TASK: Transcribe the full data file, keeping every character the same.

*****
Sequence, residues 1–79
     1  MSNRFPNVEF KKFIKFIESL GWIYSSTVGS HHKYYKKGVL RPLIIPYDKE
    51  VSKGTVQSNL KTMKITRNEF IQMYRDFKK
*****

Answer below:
Sequence, residues 1–79
     1  MSNRFPNVEF KKFIKFIESL GWIYSSTVGS HHKYYKKGVL RPLIIPYDKE
    51  VSKGTVQSNL KTMKITRNEF IQMYRDFKK